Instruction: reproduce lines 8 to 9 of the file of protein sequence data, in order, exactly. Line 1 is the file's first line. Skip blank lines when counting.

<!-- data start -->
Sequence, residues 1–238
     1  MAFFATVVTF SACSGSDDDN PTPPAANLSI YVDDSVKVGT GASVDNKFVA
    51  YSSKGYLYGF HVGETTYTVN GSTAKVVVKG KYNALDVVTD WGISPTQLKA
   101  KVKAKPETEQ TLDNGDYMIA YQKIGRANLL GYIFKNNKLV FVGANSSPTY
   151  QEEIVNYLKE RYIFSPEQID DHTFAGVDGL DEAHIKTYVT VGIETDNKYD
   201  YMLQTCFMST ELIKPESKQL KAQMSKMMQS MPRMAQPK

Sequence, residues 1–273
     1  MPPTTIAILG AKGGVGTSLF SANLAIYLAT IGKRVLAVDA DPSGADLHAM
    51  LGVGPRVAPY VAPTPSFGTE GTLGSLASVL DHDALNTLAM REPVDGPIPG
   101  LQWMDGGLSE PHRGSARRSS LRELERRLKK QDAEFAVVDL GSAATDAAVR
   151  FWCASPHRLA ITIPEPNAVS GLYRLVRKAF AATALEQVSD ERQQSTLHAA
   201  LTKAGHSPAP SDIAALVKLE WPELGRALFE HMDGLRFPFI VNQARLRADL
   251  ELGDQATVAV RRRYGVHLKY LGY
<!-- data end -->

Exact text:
     1  MPPTTIAILG AKGGVGTSLF SANLAIYLAT IGKRVLAVDA DPSGADLHAM
    51  LGVGPRVAPY VAPTPSFGTE GTLGSLASVL DHDALNTLAM REPVDGPIPG